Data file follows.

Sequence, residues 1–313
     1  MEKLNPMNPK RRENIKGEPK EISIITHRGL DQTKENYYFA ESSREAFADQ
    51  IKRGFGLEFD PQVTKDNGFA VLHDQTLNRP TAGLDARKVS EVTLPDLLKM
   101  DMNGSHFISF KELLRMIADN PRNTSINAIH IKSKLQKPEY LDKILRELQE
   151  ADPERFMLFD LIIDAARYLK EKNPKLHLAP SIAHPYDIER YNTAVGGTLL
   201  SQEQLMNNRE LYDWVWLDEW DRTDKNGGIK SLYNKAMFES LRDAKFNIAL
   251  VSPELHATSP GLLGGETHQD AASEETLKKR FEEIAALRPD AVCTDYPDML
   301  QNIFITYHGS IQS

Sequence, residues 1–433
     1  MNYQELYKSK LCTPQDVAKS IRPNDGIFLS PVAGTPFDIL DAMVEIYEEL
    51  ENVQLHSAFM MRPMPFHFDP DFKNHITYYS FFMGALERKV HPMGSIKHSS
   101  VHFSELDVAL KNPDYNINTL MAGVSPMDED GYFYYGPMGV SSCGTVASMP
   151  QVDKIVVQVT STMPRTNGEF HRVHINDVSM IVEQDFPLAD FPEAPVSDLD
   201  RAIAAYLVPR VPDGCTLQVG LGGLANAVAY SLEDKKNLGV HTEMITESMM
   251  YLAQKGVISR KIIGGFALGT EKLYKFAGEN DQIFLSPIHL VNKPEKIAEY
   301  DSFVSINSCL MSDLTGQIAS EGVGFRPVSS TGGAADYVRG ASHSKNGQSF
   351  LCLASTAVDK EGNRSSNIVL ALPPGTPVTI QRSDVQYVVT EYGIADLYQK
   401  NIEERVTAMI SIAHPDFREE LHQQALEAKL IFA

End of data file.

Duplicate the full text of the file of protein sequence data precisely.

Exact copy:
Sequence, residues 1–313
     1  MEKLNPMNPK RRENIKGEPK EISIITHRGL DQTKENYYFA ESSREAFADQ
    51  IKRGFGLEFD PQVTKDNGFA VLHDQTLNRP TAGLDARKVS EVTLPDLLKM
   101  DMNGSHFISF KELLRMIADN PRNTSINAIH IKSKLQKPEY LDKILRELQE
   151  ADPERFMLFD LIIDAARYLK EKNPKLHLAP SIAHPYDIER YNTAVGGTLL
   201  SQEQLMNNRE LYDWVWLDEW DRTDKNGGIK SLYNKAMFES LRDAKFNIAL
   251  VSPELHATSP GLLGGETHQD AASEETLKKR FEEIAALRPD AVCTDYPDML
   301  QNIFITYHGS IQS

Sequence, residues 1–433
     1  MNYQELYKSK LCTPQDVAKS IRPNDGIFLS PVAGTPFDIL DAMVEIYEEL
    51  ENVQLHSAFM MRPMPFHFDP DFKNHITYYS FFMGALERKV HPMGSIKHSS
   101  VHFSELDVAL KNPDYNINTL MAGVSPMDED GYFYYGPMGV SSCGTVASMP
   151  QVDKIVVQVT STMPRTNGEF HRVHINDVSM IVEQDFPLAD FPEAPVSDLD
   201  RAIAAYLVPR VPDGCTLQVG LGGLANAVAY SLEDKKNLGV HTEMITESMM
   251  YLAQKGVISR KIIGGFALGT EKLYKFAGEN DQIFLSPIHL VNKPEKIAEY
   301  DSFVSINSCL MSDLTGQIAS EGVGFRPVSS TGGAADYVRG ASHSKNGQSF
   351  LCLASTAVDK EGNRSSNIVL ALPPGTPVTI QRSDVQYVVT EYGIADLYQK
   401  NIEERVTAMI SIAHPDFREE LHQQALEAKL IFA